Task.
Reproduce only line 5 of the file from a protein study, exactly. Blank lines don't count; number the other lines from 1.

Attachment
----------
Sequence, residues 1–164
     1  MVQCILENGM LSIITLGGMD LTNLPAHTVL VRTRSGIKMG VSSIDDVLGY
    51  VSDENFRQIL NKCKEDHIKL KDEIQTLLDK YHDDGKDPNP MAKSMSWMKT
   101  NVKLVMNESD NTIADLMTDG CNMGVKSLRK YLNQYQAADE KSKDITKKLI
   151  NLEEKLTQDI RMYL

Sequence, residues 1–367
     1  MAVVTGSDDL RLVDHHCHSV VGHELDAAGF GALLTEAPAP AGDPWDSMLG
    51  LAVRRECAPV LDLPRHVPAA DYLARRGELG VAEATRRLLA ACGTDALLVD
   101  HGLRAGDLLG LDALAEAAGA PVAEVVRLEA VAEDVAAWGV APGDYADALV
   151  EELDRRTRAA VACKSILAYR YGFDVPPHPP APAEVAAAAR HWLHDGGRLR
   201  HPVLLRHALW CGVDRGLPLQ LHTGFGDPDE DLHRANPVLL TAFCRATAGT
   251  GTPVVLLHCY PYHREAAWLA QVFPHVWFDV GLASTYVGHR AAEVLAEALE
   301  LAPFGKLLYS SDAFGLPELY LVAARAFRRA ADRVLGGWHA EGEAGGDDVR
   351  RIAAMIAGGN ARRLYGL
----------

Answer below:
   151  NLEEKLTQDI RMYL